Sunday, September 3, 2006

Conventional Flying

There was a time when the third wheel was located on the back of the airplane. When they started putting it up front it was considered unconventional, tricycle gear. Since it was so much easier to control the airplane on the ground (including take-offs and landings) the tricycle configuration became standard and conventional gear went the way of the manual transmission. So, like sports cars, conventional gear is found on really fun airplanes.

My preparation for this transition included two books: Conventional Gear, Flying a Taildragger by David Robson, and The Complete Taildragger Pilot by Harvey S. Plourde. I think Harvey's book is superior by providing more analysis of the aerodynamics, especially what causes the 'jounce'. I also studied the Pilots Operating Handbook for the Decathlon and took the written test required by the Flying Club.

The weather was iffy. Ernesto had just passed through to the east of us and some of its remnants were stirring up the air. Bases were anywhere from 1200 broken to 1700 overcast, and nearby Dobbins AFB (KMGE) was reporting variable ceiling height (CIG). No showers and an occasional hole with blue sky peeking through kept me optimistic during my short drive to the airport. Due to some scheduling changes, my flight had fortunately been pushed back to noon, and when I arrived my instructor was still out on another (instrument training) flight.

Objectives of this flight: Introduction to conventional flying.

My log book says my last flight in a taildragger was 1.5 hours solo in an Aeronca 7Ac up in Slatington (69N) during the fall of 1970. My instructor at that time had limited me to full stall (3 point) landings, and I don't remember the limits on crosswind component. FAR 61.31 (i) (2) says that I'm grand-fathered in for my tailwheel endorsement, but 36 years seems to be just a bit long between flights for me to be safe. I wasn't sure that this was 'like riding a bicycle', so I scheduled plenty of time to get checked out. Note: the Decathlon is a fully aerobatic aircraft. However I didn't think it wise to put my already overloaded frame though 3.5 g pull ups. Just too many pounds and too many years since I did that the last time. I'll forego the aerobatics for now.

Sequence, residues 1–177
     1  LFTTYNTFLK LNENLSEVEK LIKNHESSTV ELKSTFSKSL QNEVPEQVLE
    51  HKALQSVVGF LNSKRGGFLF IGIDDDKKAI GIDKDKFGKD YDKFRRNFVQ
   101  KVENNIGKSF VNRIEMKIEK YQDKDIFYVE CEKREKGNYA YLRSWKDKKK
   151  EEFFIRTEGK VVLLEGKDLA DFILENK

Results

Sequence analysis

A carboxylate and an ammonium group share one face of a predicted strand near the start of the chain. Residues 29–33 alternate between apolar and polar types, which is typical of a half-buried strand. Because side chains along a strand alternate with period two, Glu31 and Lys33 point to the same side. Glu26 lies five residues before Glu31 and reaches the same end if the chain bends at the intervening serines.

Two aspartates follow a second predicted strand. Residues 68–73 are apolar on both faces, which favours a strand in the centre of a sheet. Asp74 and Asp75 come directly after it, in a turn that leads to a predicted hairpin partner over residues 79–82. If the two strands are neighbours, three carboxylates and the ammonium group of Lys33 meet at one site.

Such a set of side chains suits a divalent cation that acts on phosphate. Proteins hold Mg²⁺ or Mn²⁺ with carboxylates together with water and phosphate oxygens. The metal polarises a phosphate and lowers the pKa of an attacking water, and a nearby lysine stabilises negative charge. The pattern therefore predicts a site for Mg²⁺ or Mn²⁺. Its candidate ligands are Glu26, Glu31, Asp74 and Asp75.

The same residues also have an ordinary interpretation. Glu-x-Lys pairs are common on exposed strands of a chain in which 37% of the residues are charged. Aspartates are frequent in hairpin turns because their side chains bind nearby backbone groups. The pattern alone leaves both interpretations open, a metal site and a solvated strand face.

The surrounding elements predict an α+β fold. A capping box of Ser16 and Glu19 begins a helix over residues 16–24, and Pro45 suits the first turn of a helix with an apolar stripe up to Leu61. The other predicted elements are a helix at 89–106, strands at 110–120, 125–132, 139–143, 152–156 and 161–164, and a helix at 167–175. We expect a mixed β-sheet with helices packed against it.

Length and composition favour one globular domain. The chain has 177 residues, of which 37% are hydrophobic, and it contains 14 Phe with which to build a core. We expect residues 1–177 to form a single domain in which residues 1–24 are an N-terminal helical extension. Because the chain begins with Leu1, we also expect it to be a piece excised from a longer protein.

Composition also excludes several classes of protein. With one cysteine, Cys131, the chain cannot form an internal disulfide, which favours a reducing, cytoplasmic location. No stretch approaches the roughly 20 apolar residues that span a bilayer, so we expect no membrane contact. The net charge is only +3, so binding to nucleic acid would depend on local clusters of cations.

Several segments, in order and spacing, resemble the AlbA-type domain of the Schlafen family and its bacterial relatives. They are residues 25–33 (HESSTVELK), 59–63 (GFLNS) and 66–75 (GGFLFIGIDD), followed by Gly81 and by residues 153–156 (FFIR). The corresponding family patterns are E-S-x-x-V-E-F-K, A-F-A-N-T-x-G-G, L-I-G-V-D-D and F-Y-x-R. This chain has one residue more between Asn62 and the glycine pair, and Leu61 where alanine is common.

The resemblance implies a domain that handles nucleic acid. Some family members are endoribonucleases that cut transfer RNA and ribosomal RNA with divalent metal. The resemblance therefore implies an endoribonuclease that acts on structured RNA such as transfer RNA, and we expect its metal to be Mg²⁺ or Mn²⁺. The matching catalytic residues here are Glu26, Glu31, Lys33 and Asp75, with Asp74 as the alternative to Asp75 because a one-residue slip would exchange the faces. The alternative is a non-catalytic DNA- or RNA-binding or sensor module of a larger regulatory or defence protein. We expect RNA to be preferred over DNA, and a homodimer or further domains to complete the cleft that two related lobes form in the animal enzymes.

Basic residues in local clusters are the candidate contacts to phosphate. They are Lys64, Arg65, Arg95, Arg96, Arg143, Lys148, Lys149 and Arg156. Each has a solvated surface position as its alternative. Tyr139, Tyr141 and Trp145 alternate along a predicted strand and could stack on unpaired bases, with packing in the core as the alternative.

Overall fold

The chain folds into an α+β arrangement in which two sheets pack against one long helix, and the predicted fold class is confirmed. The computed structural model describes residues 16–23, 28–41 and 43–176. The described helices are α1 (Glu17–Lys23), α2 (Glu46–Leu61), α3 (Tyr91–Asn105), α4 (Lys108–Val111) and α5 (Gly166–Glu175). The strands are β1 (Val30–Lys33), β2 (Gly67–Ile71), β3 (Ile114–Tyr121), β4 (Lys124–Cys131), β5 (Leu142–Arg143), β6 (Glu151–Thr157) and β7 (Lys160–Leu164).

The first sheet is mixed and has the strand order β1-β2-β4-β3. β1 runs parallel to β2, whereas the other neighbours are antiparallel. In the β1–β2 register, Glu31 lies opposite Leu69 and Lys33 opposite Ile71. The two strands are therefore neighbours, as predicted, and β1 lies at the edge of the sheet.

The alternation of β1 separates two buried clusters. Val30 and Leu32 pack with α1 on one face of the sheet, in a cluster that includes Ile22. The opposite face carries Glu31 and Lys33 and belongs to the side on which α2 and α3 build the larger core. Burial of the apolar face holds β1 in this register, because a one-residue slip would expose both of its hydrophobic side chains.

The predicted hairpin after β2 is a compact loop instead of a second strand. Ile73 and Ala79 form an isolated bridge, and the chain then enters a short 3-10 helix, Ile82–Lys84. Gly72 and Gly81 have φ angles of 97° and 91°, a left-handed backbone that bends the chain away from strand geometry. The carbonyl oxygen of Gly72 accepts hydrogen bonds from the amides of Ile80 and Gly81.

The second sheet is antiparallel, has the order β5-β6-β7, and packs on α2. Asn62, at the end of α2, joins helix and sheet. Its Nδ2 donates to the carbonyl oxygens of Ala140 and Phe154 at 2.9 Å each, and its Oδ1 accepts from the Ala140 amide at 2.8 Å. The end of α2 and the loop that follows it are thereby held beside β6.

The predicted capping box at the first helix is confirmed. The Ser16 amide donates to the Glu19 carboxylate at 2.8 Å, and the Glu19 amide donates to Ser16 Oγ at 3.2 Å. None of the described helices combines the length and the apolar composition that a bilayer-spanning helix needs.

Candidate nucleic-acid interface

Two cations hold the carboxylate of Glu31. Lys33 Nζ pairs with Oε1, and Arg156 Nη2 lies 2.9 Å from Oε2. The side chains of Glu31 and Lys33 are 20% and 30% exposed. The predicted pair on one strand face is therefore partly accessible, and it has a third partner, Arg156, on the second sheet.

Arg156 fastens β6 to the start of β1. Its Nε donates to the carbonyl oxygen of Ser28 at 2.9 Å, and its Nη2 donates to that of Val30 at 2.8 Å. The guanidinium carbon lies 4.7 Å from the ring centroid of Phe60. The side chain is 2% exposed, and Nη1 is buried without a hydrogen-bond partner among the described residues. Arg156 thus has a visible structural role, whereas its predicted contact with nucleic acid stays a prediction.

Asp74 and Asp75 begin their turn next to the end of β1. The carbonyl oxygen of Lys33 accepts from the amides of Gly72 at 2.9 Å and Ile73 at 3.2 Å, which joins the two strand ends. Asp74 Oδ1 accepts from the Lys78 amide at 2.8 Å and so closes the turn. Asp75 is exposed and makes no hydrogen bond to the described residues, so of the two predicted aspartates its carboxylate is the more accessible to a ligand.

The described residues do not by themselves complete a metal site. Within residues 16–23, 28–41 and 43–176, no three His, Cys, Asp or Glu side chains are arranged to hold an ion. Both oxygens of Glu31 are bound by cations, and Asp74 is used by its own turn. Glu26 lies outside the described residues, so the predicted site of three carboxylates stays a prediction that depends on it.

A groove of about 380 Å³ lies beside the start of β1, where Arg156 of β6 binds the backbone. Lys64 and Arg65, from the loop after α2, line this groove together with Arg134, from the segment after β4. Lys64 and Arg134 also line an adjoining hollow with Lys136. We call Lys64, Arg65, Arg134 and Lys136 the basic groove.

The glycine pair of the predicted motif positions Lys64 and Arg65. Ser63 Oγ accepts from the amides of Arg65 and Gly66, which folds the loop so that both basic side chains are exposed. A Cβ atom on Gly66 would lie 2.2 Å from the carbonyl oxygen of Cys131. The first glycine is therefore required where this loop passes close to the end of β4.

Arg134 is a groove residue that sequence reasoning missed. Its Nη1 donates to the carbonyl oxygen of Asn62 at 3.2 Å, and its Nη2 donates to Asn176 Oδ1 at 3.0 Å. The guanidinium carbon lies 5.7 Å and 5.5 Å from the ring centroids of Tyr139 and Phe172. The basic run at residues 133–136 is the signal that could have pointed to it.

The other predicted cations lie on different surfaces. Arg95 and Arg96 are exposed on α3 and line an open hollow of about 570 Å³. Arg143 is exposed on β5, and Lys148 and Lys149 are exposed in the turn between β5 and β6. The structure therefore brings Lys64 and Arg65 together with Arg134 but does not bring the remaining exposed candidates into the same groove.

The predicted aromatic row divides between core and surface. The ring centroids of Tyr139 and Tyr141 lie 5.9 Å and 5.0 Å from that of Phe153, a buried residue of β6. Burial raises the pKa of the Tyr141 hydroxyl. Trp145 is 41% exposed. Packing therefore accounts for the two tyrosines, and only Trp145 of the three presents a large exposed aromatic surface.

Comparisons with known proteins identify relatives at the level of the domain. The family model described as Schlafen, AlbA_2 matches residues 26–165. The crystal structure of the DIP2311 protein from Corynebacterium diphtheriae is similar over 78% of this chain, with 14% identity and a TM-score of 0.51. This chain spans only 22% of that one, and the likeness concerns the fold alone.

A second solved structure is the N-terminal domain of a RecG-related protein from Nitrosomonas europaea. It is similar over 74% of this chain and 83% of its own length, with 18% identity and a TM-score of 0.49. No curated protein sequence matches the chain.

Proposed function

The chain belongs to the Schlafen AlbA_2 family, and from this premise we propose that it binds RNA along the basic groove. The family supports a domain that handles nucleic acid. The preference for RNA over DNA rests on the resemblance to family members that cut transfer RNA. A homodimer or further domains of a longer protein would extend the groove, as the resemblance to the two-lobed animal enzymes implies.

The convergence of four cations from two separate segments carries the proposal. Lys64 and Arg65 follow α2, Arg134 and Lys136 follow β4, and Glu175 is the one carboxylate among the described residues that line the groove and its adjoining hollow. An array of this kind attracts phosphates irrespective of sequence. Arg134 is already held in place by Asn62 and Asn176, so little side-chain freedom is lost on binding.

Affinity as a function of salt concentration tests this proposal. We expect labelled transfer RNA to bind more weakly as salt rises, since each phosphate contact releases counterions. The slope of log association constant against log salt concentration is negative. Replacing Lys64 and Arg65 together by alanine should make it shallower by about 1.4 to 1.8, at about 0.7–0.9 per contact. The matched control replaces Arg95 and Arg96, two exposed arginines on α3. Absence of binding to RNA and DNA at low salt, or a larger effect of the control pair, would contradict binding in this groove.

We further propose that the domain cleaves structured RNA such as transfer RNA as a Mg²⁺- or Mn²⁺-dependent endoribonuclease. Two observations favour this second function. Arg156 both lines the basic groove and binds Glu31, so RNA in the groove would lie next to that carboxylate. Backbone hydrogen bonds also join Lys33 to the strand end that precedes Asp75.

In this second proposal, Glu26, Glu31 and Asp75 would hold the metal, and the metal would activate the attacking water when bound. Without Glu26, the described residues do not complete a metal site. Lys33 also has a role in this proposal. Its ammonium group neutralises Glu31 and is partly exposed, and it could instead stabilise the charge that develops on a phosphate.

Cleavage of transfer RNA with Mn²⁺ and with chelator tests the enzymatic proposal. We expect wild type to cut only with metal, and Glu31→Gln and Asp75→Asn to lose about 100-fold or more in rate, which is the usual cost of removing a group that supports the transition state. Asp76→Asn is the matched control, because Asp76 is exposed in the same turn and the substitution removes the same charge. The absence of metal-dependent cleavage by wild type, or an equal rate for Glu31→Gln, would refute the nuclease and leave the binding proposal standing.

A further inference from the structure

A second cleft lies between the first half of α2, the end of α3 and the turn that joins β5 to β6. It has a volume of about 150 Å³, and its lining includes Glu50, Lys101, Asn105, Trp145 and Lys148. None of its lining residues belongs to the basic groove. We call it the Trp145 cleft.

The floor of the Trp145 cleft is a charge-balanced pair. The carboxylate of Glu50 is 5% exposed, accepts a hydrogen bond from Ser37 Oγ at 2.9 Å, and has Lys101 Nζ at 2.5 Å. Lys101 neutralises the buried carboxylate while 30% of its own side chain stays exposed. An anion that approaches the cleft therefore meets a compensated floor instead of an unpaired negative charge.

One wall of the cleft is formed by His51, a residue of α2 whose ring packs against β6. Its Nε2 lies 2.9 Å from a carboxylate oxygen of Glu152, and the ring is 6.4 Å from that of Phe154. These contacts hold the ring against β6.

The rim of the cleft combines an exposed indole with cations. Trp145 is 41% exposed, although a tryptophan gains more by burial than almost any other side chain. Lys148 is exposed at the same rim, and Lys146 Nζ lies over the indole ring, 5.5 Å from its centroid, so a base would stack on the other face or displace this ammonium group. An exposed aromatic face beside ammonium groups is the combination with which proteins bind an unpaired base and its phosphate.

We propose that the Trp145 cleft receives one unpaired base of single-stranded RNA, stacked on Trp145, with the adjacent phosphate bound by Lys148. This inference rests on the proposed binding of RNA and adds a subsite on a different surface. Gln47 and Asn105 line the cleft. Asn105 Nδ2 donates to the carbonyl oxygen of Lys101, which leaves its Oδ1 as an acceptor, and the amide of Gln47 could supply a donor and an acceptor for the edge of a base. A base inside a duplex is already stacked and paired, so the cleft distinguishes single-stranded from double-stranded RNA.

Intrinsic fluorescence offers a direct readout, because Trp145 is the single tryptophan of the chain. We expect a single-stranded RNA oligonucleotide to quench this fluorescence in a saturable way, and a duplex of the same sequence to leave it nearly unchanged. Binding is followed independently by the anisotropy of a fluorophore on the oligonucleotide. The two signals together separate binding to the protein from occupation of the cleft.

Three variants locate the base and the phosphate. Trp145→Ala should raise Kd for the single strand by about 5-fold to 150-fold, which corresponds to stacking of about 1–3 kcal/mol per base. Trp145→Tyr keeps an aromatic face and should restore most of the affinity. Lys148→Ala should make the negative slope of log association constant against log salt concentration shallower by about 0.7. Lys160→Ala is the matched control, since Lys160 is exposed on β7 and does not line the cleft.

My instructor arrived and we introduced ourselves, talked about experiences, etc, and what I wanted to get out of this training. I mentioned spin training, soft field operations and just getting back to basics. Preflight and ground ops were straight forward. This airplane has a constant speed prop (which I haven't played with before) but otherwise the cockpit is pretty basic. Taxiing is not unlike the Tiger, just a bit slower and the need to anticipate corrections sooner. I got through the runup with a few embarrassments, but overall not too bad.

Ah the takeoff. All of the studying told me what would happen. My mental rehearsals warned me what might happen. Even so, the darn airplane went heading for the weeds on the left of side of the runway as soon as I lifted the tail. (Torque, P-factor, winds...Whatever, the airplane goes left and pushing the rudder full right is NOT the correct response.) Just plain ugly.

Once airborne (thankfully) we headed north to a practice area over the lake. Unfortunately the clouds were too low to allow any stalls. So I just got familiar with the controls, slow flight, etc. Sitting on the aircraft centerline and flying a stick instead of a yoke...Is FUN! I'm falling in love again.

Well, let's go try some landings. First, where is the airport? No GPS, low clouds, can't see Mt Kennesaw, where the heck am I? My instructor pointed out the bridge that marks about 9.5 miles northwest of the field and slowly I got my bearings. ATIS remained the same and I was cleared for a right downwind. My spacing was good, speed was good, altitude a little sloppy (-200), but I was comfortable. Nice line up on final, good rate of descent to my spot, everything was good. I got into my flare a bit high, held it off and...'jounce'. The third landing was pretty good. (I could only log one of them though.) We took the next taxiway and went back for more.

OK, so what is the 'jounce'? When you land a tricycle gear plane, the mains touch and you lower the nose. The angle of attack (AOA) is reduced, reducing lift. In a taildragger, after the mains touch you lower the tail, increasing the AOA and therefore the lift and up you go...jounce.

The next iterations were similar, showing some slight improvement. Lets just say that I'm getting the picture but it is not yet fully developed. So, was this a successful flight? This is FUN stuff! Humility is good for the soul, so that part of me is very healthy right now, and I still have a smile on my face.

We went 73.3 miles, climbed to 2647 feet and reached 135 mph over the ground.

Time = 1.3

* Note: Olathe did a great job with the 96c. Overnight air got it back quickly and I'm happy with the results.

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